KIRTLAND AIR FORCE BASE, N.M. --
Air Force Research Laboratory scientist Oscar Martinez became a scientist because he had always been fascinated with figuring out how things work.
“Eventually it dawned on me that I didn’t have to limit my curiosities to museums, media or just tinkering around, but that I could actually do this sort of stuff for a living — mind blowing!” he said.
After completing his doctorate in physical chemistry at the University of Colorado at Boulder, Martinez began his career with a post-doctoral fellowship at the Harvard-Smithsonian Center for Astrophysics in Cambridge, Massachusetts.
This led to a postdoctoral associateship from the National Research Council with AFRL’s Space Vehicles Directorate plasma chemistry group at Kirtland Air Force Base. Martinez then accepted a position as a civil servant with the directorate, and began a new effort to explore advanced manufacturing techniques such as additive manufacturing and intelligent autonomous robotic assembly.
“AFRL is an awe-inspiring world-class research facility,” Martinez said. “I tend to gravitate towards space technologies and so, coupled with my prior Air Force service as an enlisted Airman and my general affinity for the Air Force, working at AFRL was a natural choice for me.”
Recently Martinez took part in a unique 10-day event called AFRL 2016 TECH Warrior, held at the National Center for Medical Readiness and Calamityville Training Laboratory outside of Wright-Patterson AFB, Ohio. The purpose of the course is to give AFRL scientists and engineers an immersive experience in a full operational field exercise.
Martinez and his 20 or so AFRL civilian and military colleagues underwent intense training in barebase construction conditions, where they were exposed to field operations, combat first aid, combat rescue operations, perimeter defense, land navigation and orienteering, and basic weapons familiarization, among other training venues.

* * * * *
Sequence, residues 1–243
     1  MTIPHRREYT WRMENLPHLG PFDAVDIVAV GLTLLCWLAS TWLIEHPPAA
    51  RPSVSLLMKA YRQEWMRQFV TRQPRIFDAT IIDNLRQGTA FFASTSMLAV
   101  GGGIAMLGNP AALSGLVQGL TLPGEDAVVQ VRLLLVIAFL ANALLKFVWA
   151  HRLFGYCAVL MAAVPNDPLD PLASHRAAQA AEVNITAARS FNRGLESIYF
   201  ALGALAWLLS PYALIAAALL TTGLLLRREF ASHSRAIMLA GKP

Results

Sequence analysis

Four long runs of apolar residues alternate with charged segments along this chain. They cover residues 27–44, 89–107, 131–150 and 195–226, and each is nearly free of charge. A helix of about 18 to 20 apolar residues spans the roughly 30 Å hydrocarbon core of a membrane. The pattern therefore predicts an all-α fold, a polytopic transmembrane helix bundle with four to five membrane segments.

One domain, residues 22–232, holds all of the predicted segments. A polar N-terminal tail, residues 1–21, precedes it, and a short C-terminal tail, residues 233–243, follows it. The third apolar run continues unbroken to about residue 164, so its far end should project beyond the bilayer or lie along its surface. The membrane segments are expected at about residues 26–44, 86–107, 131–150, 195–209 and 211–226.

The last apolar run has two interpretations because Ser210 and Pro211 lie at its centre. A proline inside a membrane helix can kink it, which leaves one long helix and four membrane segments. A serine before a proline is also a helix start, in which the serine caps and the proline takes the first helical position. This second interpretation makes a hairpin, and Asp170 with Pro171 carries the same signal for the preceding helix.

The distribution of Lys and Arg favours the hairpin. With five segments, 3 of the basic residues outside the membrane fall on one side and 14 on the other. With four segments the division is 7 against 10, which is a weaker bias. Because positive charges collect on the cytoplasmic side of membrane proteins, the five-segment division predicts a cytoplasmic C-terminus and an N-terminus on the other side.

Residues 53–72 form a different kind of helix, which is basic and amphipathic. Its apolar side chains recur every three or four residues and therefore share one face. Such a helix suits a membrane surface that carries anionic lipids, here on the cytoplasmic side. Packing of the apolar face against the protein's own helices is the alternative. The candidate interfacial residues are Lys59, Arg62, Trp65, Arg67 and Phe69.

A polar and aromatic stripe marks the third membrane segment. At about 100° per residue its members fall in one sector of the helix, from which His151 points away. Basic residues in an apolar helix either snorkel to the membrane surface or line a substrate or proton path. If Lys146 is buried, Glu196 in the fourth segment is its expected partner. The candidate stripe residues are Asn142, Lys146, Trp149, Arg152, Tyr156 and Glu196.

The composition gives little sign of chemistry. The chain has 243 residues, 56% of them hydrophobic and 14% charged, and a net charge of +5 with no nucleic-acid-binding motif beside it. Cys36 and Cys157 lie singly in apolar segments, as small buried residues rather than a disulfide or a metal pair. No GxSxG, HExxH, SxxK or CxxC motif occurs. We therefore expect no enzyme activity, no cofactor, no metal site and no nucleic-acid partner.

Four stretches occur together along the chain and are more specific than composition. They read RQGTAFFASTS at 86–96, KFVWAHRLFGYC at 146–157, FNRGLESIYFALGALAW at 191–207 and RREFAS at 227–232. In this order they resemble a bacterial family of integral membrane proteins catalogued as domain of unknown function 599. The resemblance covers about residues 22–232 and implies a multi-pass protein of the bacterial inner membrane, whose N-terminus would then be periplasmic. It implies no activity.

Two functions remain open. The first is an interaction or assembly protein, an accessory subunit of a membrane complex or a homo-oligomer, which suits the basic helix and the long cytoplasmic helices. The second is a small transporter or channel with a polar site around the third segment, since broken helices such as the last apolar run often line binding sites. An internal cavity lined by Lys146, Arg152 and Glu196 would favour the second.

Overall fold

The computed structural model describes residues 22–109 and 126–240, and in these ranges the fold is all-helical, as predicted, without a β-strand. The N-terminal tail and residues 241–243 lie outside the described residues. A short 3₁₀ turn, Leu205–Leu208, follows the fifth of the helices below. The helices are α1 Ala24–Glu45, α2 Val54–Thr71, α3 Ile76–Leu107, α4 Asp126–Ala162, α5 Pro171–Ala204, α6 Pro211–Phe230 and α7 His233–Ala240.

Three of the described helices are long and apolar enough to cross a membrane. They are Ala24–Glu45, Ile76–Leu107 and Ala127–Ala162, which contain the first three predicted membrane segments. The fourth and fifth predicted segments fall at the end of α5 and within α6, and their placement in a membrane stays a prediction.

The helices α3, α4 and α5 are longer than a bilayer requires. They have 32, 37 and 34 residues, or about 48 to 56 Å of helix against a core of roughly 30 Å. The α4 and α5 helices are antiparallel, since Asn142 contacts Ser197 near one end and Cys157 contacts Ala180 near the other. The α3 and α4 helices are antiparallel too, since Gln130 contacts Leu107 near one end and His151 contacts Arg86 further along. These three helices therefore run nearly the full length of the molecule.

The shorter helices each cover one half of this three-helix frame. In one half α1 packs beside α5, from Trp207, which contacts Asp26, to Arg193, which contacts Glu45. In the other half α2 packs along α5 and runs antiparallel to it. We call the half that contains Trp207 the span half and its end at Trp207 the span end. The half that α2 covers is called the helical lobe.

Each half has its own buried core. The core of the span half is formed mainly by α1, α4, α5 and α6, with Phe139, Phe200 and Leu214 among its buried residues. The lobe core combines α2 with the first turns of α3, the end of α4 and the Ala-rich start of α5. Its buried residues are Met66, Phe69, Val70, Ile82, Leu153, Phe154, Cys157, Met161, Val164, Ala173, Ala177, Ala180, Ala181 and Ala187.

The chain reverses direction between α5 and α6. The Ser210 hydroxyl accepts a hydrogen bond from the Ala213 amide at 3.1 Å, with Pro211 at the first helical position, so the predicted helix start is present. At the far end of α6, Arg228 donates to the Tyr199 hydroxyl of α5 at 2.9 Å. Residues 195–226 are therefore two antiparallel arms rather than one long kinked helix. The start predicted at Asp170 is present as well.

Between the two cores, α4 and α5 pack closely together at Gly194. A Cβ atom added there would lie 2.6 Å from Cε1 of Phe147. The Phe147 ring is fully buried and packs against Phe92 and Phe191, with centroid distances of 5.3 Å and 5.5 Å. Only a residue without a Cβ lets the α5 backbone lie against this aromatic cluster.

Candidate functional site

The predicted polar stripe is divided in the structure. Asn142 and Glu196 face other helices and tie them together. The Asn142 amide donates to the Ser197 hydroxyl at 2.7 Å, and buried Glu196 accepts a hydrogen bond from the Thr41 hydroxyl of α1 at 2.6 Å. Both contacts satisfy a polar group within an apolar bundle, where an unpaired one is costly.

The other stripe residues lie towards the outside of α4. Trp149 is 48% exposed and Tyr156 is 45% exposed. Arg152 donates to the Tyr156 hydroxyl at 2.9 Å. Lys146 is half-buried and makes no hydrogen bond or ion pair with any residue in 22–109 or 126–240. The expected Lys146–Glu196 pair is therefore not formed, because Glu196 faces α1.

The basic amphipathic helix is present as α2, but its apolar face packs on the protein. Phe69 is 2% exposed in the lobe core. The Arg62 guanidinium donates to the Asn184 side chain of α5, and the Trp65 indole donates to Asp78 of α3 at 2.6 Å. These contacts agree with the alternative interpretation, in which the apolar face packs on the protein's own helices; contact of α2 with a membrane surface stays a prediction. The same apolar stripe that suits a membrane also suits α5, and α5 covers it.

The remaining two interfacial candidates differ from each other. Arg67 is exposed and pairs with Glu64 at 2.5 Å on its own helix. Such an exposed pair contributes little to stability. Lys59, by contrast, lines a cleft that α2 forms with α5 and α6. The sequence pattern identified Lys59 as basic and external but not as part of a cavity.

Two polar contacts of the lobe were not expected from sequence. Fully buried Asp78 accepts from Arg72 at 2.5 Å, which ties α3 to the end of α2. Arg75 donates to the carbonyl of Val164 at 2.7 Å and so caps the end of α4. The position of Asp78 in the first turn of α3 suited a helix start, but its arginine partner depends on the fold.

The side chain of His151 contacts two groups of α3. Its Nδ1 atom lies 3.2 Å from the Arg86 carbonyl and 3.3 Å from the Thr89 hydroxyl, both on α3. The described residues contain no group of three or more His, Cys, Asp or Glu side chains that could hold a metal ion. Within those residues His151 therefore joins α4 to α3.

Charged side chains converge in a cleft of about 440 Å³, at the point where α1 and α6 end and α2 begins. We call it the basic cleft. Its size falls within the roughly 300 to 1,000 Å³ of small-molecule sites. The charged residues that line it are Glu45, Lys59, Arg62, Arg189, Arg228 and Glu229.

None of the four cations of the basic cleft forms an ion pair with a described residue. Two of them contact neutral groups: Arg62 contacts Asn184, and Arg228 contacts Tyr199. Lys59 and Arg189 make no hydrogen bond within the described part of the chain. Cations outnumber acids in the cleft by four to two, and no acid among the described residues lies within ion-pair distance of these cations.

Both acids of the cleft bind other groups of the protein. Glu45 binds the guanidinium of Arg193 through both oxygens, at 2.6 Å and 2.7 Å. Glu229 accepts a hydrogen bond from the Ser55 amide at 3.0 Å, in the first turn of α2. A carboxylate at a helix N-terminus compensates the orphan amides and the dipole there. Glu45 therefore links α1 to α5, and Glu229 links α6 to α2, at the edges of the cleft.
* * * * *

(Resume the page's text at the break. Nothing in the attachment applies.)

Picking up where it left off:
The training culminated with a three-day Capstone Field Training Exercise in which the participants applied the skills they learned.
“Ultimately, the experience should allow S&Es to better understand the conditions faced by true warriors in the field and prompt them to come up with technological solutions that can truly assist the warrior with their mission,” Martinez said.
“It’s truly hard to grasp what warriors actually go through during operational field deployments. Although S&Es may come up with great ideas, an experience such as this one really sets more realistic limitations — a better baseline, if you will — on what may or may not work in the field. It’s a major resource for AFRL and allows researchers to get from behind their desks or out of the lab to really see what the warrior faces.”
After high school he joined the Air Force, where he became a Slavic crypto linguist. On leaving the service, he obtained an undergraduate degree in Russian while getting a bachelor’s of science in chemistry.
Martinez has often been a student mentor by supporting AFRL’s science, technology, engineering and mathematics activities, and in his new position with AFRL-New Mexico’s Tech Engagement Office, he plans to expand that role.
“We have excellent STEM opportunities at every level,” Martinez said. “These include programs through the AFRL La Luz Academy from elementary through high school, paid internships through the AFRL scholars programs for high school through graduate school, and paid postdoctoral associateships through the National Research Council. Students should look into taking part in these programs as a part of learning, building upon their experience and most importantly, having fun with STEM topics.”
As for the future, he’s curious about it.
“I absolutely will continue to learn and apply the knowledge I’ve gained so far to help overcome any challenges I face throughout my career as an AFRL scientist,” Martinez said. “I’d like to help ensure that kids, including my own, are continuously provided with excellent opportunities to pique their curiosities and explore the world around them.”